Jay Bookman

Opinion columnist and blogger with The Atlanta Journal-Constitution, specializing in foreign relations, environmental and technology-related issues

Opinion: Col. Bruce, a showman to the very end ... literally


At his 70th birthday celebration at the Fox Theatre Monday night, Col. Bruce Hampton was joined onstage by some of the top musical talent that this region has produced in the last 50 years. Chuck Leavell, Oliver Wood, Derek Trucks, John Popper, Peter Buck and Mike Mills of R.E.M., and many others wanted to make sure that they paid their respects.

And of course, as you probably know, Hampton collapsed on stage from a heart attack at the end of that concert and later died in a local hospital. The man knew how to make an exit.

I didn't know Bruce, but we do have friends in common. They talk of his humility and kindness, his ability to play a mean third base, his weird sense of humor.  He was the epitome of a musician's musician, well-known and highly respected within the craft even if he never became famous outside it. And he didn't become famous because he pretty much chose not to do so, never making the compromises that would require.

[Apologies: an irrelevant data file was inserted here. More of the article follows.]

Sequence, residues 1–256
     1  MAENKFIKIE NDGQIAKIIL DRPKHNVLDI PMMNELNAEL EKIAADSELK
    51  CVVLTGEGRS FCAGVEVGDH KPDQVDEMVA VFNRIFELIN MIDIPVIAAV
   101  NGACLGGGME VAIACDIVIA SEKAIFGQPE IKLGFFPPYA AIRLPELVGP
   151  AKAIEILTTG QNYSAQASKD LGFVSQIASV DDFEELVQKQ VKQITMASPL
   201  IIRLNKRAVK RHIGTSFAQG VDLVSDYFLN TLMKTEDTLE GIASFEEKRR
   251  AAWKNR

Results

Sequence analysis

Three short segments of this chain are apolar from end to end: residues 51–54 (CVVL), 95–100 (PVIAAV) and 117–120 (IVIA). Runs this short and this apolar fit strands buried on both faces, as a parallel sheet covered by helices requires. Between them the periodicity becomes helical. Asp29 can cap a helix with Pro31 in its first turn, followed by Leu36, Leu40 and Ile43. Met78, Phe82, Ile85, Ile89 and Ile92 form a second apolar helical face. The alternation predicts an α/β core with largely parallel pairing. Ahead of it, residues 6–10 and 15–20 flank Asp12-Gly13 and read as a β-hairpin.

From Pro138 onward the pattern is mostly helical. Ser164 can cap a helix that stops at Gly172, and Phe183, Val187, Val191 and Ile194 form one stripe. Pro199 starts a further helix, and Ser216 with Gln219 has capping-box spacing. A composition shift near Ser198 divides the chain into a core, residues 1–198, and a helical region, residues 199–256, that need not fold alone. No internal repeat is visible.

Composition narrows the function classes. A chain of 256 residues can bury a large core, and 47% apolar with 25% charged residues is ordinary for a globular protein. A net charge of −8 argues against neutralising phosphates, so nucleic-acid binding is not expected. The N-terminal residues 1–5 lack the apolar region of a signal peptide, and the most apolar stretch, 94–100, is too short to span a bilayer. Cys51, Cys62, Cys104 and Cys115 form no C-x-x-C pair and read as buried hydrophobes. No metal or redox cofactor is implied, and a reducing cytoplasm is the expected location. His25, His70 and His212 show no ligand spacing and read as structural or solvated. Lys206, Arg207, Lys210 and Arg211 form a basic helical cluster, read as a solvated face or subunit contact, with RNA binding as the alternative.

(Here's a nicely done tribute to Bruce, by Chuck Reece of the Bitter Southerner, a website you should definitely visit often. In fact, on another topic, go there immediately and read this as well. You can and should thank me later.)

About a year ago, I did get a chance to watch, up close and personal, as Bruce played an extended set at a small festival. Then too, he had drawn a wide cross-section of top local musicians who wanted the chance to join and jam with the legend. It was one of the best musical experiences that I can remember, one of those shows where you walk away just marveling that you got the chance to be there.

Here's some vintage Bruce:

 

 


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About the Author

Jay Bookman writes about government and politics, with an occasional foray into other aspects of life as time, space and opportunity allow.